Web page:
ave you always dreamed of the day that your dog would be able to tell you what he is thinking? That time may be closer than you think. According to WIRED, a Georgia Tech scientist named Melody Jackson has been working to create computerized vests meant for service dogs. In an emergency, these vests would allow the service dog to locate a human, pull a lever on the vest, and play an audio message that says, "My handler needs you to come with me!"
Currently, these vests are designed for dogs who work with diabetics or people suffering from epilepsy. While these dogs are trained to detect dangerous changes in their humans that may signal an oncoming diabetic episode or seizure, sometimes these conditions come on too quickly and the dog is left with an unconscious human. These vests are designed to help dogs respond to these life-or-death situations more efficiently.
As such, the vests have also been outfitted with capabilities like SOS alerts and the ability to provide GPS coordinates. This makes them a fantastic option for dogs who work in the search-and-rescue field, as well.
The attempt to create animal-human communication through technical means doesn't stop with dogs, either: scientists are working to create a dialogue between dolphins and humans, while some researchers are even striving to create video games that cats can play with humans. Melody Jackson herself is also working on a program that allows humans to monitor their horses, complete with sensors that alert a handler if the horse is exhibiting early symptoms of lameness.
When Dogs Talk
While researchers are trying very hard to open a line of communication between humans and pets, the focus is primarily on helping dogs speak. This is because humans and dogs have a centuries-old bond and they are very attentive, alert, and invested in their human's well-being.
We all want our domestic dogs to tell us how they're feeling, but it's likely that "talking dog" technology will be limited to service dogs, at least at first. Innovations like Jackson's computerized vest will allow service dogs to serve their handlers better. Examples include seeing-eye dogs that can communicate the nature of an obstacle to their handler or search-and-rescue dogs that can better assist people in the field.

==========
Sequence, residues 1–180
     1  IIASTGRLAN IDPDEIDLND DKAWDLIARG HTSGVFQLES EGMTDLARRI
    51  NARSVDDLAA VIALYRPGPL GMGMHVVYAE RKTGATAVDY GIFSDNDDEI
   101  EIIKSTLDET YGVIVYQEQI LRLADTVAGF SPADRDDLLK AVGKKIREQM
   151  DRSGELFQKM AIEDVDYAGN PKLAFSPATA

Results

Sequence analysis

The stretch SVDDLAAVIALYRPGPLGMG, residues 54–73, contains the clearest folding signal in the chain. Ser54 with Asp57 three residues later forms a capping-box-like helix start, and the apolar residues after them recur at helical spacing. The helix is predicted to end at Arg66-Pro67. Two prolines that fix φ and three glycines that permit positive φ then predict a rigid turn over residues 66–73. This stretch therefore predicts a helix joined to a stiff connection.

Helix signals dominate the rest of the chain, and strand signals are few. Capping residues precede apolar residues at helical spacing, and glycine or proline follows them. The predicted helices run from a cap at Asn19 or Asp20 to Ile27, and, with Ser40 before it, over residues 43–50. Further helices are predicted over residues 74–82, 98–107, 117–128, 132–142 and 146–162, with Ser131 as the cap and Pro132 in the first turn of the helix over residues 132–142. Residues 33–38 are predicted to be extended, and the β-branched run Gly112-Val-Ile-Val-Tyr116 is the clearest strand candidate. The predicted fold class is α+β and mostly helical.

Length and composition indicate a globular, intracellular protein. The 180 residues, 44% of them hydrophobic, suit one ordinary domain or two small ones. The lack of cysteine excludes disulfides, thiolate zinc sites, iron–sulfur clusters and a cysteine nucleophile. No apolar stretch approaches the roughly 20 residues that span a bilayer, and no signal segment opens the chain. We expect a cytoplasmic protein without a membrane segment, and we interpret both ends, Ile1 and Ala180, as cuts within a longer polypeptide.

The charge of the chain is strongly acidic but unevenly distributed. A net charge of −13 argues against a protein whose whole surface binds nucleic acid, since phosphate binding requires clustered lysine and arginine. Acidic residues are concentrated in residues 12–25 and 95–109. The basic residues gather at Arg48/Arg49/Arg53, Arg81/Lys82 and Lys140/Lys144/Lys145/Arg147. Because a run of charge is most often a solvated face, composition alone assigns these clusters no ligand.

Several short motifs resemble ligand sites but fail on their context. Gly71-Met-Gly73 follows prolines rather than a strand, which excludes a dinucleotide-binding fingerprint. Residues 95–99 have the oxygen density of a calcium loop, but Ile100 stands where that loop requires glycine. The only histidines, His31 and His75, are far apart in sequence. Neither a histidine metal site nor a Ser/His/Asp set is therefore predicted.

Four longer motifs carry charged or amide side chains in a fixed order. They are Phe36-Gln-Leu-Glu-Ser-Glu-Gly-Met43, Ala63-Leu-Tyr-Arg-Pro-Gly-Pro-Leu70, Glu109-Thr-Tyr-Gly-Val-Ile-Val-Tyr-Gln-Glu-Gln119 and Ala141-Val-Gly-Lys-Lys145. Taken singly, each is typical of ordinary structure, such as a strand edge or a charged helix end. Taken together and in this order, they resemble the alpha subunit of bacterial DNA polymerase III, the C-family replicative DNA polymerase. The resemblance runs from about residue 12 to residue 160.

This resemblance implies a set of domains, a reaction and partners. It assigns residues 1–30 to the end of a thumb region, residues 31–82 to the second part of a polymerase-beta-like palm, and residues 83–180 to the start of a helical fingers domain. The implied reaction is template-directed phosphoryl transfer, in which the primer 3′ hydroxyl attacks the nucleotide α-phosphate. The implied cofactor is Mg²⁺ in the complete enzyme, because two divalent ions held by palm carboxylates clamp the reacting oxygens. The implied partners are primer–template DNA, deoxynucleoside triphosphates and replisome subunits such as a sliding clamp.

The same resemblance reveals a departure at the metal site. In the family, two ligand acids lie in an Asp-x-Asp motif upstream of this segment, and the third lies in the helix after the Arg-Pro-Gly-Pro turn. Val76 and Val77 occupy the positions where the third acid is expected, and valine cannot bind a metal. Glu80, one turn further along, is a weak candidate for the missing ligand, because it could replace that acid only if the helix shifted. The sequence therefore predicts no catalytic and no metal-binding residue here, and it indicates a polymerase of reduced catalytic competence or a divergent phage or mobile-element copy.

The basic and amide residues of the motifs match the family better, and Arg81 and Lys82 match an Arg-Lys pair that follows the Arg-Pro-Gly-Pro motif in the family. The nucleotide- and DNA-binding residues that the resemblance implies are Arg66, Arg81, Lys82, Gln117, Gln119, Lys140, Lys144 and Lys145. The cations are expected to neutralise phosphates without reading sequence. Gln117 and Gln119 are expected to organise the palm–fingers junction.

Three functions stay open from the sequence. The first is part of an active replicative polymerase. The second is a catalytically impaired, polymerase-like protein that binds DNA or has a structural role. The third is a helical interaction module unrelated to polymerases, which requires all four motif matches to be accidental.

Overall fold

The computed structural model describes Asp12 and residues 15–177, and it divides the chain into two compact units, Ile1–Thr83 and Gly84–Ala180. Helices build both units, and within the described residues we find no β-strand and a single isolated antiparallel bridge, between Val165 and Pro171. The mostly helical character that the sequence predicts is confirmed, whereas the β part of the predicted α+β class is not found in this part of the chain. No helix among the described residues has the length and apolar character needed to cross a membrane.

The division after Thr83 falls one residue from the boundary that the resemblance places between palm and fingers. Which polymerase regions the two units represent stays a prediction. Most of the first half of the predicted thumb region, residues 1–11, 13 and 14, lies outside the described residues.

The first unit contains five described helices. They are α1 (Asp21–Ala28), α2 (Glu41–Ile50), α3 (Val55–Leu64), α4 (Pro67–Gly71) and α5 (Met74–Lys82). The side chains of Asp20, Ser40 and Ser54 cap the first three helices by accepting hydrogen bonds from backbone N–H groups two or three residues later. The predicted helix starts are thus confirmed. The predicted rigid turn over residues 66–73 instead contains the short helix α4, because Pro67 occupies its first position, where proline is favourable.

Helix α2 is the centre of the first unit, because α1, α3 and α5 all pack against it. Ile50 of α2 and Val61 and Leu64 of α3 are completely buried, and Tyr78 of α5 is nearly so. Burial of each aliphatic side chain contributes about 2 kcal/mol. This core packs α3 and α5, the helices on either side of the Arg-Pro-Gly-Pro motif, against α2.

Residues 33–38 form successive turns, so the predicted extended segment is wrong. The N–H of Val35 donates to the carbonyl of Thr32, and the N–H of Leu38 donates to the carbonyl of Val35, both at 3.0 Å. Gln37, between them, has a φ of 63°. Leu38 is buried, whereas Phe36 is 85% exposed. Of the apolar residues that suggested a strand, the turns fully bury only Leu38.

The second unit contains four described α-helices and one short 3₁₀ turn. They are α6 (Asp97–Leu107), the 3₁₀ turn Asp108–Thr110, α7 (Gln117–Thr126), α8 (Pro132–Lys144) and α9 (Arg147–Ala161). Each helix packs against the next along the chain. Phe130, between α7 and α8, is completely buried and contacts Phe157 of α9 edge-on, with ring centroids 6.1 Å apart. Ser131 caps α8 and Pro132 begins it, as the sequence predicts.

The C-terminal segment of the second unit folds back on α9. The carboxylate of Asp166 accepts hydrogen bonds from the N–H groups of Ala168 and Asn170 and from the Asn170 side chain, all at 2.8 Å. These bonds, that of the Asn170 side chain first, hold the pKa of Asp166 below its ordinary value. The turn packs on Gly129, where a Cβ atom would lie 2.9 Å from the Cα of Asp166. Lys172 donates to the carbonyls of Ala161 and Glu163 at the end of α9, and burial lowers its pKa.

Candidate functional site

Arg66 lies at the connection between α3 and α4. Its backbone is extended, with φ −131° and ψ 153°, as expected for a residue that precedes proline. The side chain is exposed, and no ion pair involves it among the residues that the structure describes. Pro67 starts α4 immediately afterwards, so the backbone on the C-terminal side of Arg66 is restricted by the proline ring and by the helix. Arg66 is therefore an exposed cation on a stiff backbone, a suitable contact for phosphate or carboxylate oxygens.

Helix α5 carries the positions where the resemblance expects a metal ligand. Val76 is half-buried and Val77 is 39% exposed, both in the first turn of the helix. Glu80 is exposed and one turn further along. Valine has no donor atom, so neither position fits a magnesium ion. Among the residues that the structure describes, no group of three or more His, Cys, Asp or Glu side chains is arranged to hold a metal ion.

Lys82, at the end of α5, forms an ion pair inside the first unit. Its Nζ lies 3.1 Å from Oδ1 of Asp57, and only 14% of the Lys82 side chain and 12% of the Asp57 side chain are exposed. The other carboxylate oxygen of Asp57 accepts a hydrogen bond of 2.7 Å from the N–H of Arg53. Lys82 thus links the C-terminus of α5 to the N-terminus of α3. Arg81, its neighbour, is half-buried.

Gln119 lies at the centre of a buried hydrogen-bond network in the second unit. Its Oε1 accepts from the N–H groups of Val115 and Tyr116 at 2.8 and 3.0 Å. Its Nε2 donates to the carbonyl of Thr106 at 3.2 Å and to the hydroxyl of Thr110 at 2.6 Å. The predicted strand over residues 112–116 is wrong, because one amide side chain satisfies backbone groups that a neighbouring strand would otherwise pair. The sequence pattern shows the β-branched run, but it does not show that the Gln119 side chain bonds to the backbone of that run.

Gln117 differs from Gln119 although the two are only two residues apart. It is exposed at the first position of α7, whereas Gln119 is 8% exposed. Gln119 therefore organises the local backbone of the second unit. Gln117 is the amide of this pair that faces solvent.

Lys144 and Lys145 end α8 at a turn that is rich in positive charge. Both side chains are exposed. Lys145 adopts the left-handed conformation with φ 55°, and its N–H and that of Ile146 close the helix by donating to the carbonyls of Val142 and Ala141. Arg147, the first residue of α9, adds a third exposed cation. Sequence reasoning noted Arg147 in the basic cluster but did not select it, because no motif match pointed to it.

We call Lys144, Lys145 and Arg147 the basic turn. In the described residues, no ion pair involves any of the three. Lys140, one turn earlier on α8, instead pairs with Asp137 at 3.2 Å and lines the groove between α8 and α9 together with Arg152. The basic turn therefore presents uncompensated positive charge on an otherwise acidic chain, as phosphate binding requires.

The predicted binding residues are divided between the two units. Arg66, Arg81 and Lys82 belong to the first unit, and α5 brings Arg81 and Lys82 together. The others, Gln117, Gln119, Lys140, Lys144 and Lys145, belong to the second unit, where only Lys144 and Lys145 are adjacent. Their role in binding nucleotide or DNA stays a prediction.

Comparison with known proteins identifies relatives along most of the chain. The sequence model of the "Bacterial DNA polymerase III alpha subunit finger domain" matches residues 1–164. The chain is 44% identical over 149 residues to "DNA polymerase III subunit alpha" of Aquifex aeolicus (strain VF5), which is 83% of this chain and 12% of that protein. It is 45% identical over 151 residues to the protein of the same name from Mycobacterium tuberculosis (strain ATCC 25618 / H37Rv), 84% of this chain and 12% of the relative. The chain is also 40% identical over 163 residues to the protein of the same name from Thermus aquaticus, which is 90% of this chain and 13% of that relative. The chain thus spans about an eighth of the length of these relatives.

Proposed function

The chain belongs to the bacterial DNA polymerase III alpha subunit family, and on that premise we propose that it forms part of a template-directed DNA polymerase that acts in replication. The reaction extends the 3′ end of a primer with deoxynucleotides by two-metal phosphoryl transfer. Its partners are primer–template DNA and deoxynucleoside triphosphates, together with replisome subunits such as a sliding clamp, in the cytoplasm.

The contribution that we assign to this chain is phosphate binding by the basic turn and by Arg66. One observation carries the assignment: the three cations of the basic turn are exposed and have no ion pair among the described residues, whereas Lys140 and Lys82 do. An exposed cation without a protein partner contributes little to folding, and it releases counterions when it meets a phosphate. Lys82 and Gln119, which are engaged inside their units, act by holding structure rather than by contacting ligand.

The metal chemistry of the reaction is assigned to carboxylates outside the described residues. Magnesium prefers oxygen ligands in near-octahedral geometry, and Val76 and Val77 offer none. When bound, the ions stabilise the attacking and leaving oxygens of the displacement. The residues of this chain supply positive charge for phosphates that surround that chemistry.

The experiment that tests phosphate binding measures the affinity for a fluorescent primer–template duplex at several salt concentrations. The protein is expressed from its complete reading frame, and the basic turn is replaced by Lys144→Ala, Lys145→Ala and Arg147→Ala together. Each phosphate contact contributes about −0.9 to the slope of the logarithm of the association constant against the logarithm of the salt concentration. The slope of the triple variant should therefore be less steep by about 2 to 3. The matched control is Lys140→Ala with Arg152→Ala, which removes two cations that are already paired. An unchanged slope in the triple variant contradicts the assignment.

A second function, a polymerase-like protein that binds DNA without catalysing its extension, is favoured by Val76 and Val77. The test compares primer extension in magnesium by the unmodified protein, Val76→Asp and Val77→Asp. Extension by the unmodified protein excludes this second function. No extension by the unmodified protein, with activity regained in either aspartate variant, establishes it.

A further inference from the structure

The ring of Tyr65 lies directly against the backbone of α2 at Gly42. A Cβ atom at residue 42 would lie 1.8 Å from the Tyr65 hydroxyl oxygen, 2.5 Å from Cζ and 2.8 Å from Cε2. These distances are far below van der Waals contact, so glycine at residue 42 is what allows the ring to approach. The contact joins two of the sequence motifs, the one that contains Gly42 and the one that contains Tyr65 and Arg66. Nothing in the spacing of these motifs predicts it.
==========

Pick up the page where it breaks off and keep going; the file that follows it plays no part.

As you can imagine, a huge amount of technological focus has gone into these projects. Specifically, scientists have had to figure out how to make sensor devices that work with dog's mouths and noses. Jackson, for example, has been working to make a touchpad that's meant to be used in association with her vest and allows dogs to communicate signals by hovering their noses over it.
We may still be a long way off from dogs actually "talking" to us conversationally; however, it seems clear that technological interfacing has come a long way in allowing our canine companions to communicate messages that were previously impossible. In addition to serving people in need and enhancing the relationship between humans and their service dogs, these advancements also give dog lovers everywhere hope that one day, our four-legged friends might just be able to tell us exactly how that down pillow exploded or what happened to the trash while we were out.
Photo ©Rob Felt/Georgia Tech